Wednesday, June 20, 2007

N.J. tries to accommodate birds and homeowners

From the Philadelpha Inquirer:

About 20 pairs of night herons - big, regal-looking birds with a threatened population and a fondness for shellfish - bombarded this suburban enclave of well-tended older homes this spring.

But in recent weeks - before fed-up humans could resort to foul play - New Jersey environmental officials stepped in to broker what they hope is a truce, allowing the removal of some offending nests.

"I know that some people are going to take issue with the fact that we are charged with protecting endangered and threatened species and this, on the surface, seems to be in conflict with that mission," said Christina Kisiel, a biologist with the Division of Fish and Wildlife's endangered and non-game species program, which is part of the state Department of Environmental Protection.

"But I would argue the opposite. In this case, we have a species of conservation concern whose nesting habits are causing property damage to a homeowner," Kisiel said. "Instead of just saying to the homeowner, 'Too bad, deal with it,' we've tried to come up with a solution that doesn't harm the bird and helps the homeowner cope with the situation."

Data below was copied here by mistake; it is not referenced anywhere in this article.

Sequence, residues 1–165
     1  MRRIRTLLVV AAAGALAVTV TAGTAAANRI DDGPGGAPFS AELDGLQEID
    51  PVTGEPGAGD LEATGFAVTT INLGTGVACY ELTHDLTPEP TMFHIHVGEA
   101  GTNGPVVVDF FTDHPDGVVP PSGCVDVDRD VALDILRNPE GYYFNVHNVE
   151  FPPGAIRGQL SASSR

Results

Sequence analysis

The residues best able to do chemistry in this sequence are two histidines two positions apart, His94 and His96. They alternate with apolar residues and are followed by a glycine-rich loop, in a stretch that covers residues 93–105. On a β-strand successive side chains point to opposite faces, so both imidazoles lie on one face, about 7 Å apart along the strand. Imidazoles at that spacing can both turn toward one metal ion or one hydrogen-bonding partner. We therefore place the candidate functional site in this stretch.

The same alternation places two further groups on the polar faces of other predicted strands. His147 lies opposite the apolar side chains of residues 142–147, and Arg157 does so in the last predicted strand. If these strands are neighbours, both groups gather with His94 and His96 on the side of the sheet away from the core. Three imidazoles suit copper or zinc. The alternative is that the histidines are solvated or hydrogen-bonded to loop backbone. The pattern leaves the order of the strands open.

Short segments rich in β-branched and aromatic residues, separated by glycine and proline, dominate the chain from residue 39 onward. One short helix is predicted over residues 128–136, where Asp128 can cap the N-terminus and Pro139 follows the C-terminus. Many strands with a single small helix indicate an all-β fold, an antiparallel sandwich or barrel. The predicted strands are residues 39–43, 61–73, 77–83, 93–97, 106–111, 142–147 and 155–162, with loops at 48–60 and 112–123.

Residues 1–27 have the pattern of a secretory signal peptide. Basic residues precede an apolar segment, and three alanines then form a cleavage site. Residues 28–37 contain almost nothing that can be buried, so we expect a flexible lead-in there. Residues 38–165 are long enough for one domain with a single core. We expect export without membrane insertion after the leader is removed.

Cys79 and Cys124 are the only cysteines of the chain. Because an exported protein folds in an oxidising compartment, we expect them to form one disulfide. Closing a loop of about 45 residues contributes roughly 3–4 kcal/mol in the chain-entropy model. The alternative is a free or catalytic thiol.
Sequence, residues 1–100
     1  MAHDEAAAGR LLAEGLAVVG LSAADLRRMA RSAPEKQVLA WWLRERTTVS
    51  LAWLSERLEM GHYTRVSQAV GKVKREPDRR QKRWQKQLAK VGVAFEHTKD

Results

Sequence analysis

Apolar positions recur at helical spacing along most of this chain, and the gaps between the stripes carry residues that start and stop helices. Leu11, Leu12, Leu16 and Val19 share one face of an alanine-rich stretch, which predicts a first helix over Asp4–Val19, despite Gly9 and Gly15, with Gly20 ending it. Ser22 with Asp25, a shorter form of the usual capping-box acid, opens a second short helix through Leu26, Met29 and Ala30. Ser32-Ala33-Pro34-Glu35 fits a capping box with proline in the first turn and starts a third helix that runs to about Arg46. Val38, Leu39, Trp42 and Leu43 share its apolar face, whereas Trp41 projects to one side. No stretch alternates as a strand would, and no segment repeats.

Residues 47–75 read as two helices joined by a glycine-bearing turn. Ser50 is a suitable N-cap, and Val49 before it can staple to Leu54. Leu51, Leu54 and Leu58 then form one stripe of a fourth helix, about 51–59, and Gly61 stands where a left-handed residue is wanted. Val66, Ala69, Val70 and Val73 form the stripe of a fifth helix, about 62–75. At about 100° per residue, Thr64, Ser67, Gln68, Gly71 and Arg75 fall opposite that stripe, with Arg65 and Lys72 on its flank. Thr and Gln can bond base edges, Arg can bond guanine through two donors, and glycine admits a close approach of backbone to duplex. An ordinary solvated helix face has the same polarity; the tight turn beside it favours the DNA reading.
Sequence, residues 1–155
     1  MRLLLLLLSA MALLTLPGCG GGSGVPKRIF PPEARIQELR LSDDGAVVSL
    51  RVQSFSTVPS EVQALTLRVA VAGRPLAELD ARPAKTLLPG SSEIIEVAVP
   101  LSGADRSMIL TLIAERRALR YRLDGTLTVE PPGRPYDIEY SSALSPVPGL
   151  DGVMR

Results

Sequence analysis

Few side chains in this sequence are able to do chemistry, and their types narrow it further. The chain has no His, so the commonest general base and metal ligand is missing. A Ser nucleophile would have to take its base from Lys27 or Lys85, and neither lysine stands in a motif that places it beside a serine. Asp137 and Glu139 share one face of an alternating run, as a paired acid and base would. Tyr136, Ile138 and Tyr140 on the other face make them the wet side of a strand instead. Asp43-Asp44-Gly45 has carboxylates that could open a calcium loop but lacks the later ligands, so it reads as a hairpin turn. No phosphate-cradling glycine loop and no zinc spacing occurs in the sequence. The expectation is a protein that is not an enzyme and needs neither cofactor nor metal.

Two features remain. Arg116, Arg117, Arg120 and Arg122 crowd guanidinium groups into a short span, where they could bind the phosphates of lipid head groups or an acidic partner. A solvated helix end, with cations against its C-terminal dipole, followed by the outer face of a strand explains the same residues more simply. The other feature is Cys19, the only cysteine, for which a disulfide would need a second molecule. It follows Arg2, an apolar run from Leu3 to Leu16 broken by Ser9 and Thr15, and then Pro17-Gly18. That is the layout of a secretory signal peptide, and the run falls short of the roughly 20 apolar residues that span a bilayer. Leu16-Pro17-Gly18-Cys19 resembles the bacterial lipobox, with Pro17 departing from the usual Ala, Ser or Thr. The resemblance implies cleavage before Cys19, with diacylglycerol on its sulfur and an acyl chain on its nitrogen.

What do you think of the solution?


Blogger Patrick Belardo said...

My absolutely insane college roomie was from Absecon. Is it run to hope that one of these houses is his?

June 21, 2007 6:25 AM  
Blogger Veery said...

Sometimes, the best solution isn't what we first think is right. What if a homeowner takes care of the problem on their own and harms or kills the birds? You could punish them but that wouldn't un-do the damage. But to be honest, I would be thrilled, no matter what the cost. What a great way to see those awesome birds up close and learn about them.

June 21, 2007 2:15 PM  

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